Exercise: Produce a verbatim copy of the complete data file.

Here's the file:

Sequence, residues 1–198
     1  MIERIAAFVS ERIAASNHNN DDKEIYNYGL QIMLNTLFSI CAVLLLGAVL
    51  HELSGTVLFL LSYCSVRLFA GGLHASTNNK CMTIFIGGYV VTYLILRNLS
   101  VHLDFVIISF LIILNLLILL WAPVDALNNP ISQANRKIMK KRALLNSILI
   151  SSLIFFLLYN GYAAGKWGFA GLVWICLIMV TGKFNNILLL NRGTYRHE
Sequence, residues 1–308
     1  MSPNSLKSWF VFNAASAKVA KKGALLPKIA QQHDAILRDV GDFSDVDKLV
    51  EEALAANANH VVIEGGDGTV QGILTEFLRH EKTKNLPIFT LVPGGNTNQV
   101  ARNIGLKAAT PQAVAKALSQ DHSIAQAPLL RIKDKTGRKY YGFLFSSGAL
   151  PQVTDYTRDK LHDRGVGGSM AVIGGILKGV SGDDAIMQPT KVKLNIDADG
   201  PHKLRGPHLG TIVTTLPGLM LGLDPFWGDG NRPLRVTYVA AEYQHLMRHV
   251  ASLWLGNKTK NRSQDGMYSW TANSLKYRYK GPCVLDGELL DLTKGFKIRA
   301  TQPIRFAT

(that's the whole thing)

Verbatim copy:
Sequence, residues 1–198
     1  MIERIAAFVS ERIAASNHNN DDKEIYNYGL QIMLNTLFSI CAVLLLGAVL
    51  HELSGTVLFL LSYCSVRLFA GGLHASTNNK CMTIFIGGYV VTYLILRNLS
   101  VHLDFVIISF LIILNLLILL WAPVDALNNP ISQANRKIMK KRALLNSILI
   151  SSLIFFLLYN GYAAGKWGFA GLVWICLIMV TGKFNNILLL NRGTYRHE
Sequence, residues 1–308
     1  MSPNSLKSWF VFNAASAKVA KKGALLPKIA QQHDAILRDV GDFSDVDKLV
    51  EEALAANANH VVIEGGDGTV QGILTEFLRH EKTKNLPIFT LVPGGNTNQV
   101  ARNIGLKAAT PQAVAKALSQ DHSIAQAPLL RIKDKTGRKY YGFLFSSGAL
   151  PQVTDYTRDK LHDRGVGGSM AVIGGILKGV SGDDAIMQPT KVKLNIDADG
   201  PHKLRGPHLG TIVTTLPGLM LGLDPFWGDG NRPLRVTYVA AEYQHLMRHV
   251  ASLWLGNKTK NRSQDGMYSW TANSLKYRYK GPCVLDGELL DLTKGFKIRA
   301  TQPIRFAT